science
Chemistry Nobel Prize Goes to Lithium-Ion Batteries, Even If They Explode Sometimes

The Nobel Foundation has awarded scientists John B. Goodenough, M. Stanley Whittingham, and Akira Yoshino the Nobel Prize in Chemistry for their work developing lithium-ion batteries. Read More >>

science
This Device Generates Electricity From Darkness

Scientists have created something of a reverse solar cell: a tool that generates electricity from the darkness of night. Read More >>

science
50-Year Chemistry Mystery Solved by Wild New Carbon Ring

Some precision chemistry performed atop a slice of table salt has given researchers unprecedented views of a controversial form of carbon. Read More >>

chernobyl
This Bottle of Vodka Was Made From Grain Grown Inside the Chernobyl Exclusion Zone

Grains and water from Chernobyl’s dreaded exclusion zone have been used to produce a single bottle of vodka. Called ATOMIK, the vodka could revolutionise the way land is reclaimed in the radioactive region surrounding the beleaguered nuclear power plant. Read More >>

space
This Rugby Ball-Shaped Planet is Leaking Heavy Metal

This hot Jupiter is so close to its host star that gravitational forces are squeezing it into a rugby ball-like shape. Not only that, its temperatures are so extreme that heavy metal gases are escaping into space from the exoplanet’s atmosphere – a phenomenon never seen before until now. Read More >>

science
How Did This Egg Get ‘Bigger Than Before’?

How did this egg get so big, bigger than before, even? Read More >>

science
80-Year Quest to Create Metallic Hydrogen May Finally Be Complete

Physicist Eugene Paul Wigner predicted more than 80 years ago that hydrogen, the most abundant element in the universe, could turn into an electricity-conducting solid metal at the right temperature and pressure. Scientists have spent decades since attempting to synthesise this material—and may have finally done so. Read More >>

science
This Compact System Lets Scientists See Biological Molecules in a Whole New Way

Researchers have combined laser techniques and an ingenious detection scheme in order to create a powerful new molecule-imaging system—a quicker, easier way to determine the identity of microscopic molecules. Basically, it’s an advanced yet surprisingly simple microscope. Read More >>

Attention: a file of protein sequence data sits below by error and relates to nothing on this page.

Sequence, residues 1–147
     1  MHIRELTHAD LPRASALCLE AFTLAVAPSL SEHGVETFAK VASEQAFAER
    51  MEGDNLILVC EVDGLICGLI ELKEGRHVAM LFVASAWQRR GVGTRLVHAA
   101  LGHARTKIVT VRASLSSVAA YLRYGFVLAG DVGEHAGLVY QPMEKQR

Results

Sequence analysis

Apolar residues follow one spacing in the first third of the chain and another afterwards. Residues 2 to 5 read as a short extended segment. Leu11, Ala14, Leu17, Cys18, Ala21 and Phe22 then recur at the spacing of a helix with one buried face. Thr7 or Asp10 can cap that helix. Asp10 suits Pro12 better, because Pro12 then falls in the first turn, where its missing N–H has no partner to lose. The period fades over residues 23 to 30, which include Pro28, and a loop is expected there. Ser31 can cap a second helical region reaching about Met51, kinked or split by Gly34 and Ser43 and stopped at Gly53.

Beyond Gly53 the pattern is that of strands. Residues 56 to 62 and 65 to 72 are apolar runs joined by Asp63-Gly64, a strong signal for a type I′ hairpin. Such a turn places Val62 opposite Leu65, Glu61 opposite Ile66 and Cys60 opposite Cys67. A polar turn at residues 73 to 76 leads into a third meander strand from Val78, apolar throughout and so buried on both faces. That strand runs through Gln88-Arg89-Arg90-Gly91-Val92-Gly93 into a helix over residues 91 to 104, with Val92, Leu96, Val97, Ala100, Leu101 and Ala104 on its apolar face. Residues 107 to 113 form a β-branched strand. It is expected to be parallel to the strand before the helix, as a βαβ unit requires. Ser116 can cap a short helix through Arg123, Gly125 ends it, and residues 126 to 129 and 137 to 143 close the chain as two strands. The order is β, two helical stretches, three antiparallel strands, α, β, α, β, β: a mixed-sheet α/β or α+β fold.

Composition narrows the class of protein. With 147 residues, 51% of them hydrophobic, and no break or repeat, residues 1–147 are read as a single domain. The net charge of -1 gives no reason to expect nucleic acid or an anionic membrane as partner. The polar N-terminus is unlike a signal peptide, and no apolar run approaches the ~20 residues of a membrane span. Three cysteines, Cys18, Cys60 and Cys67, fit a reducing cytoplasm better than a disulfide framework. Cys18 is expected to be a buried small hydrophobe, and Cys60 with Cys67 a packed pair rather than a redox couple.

science
How Physicists Measured the Rarest Event Ever Directly Observed

This past week, scientists announced that they’d made an incredible physics observation using a vat of liquid xenon. It’s officially the rarest nuclear decay—and really, the rarest event of any kind—ever directly measured. Read More >>

science
NASA Produces Building Blocks of Life in Experimental Recreation of Ancient Earth

How did life first start? Scientists hoping to answer that question are recreating the conditions of early Earth’s oceans in a lab. Read More >>

science
A Guide to the Chemistry of Cold Weather

You might have noticed that it’s pretty cold at the moment – frostbite-inducing, school-closing, scald-yourself-with-boiling-water-while-attempting-that-stupid-instant-snow-trick cold. You might wonder what that means, scientifically. Read More >>

history
World’s Oldest Known Periodic Table Found During Cleanup of Scottish Lab

A classroom chart bearing an early version of the periodic table of elements has been discovered in a University of St. Andrews chemistry lab. Dating back to the 1880s, the chart is thought to be the world’s oldest. Read More >>

science
Meet Dawn Shaughnessy, the Real-Life Alchemist Who Expanded the Periodic Table

The periodic table is chemistry’s holy text. Not only does it list all of the tools at chemists’ disposal, but its mere shape – where these elements fall into specific rows and columns – has made profound predictions about new elements and their properties that later came true. But few chemists on Earth have a closer relationship with the document than Dawn Shaughnessy, whose team is partially responsible for adding six new elements to table’s ranks. Read More >>

science
We Talked to the Graduate Student Who Made Bricks From Human Wee

Wee contains some pretty amazing stuff. Scientists have known for nearly a decade that it’s possible to produce bricks from bacteria, sand, and urea—a chemical found in urine. Researchers have gone ahead and produced those bricks, now for the first time with human wee. Read More >>

science
Most Commercial Graphene Is Just Expensive Pencil Lead, New Study Finds

You might wonder why, given all the hype, there isn’t graphene in every product you own yet. Well, a new study has found that 60 companies that claim to sell the Nobel prize-winning ultra-thin carbon sheets produce utter trash. Read More >>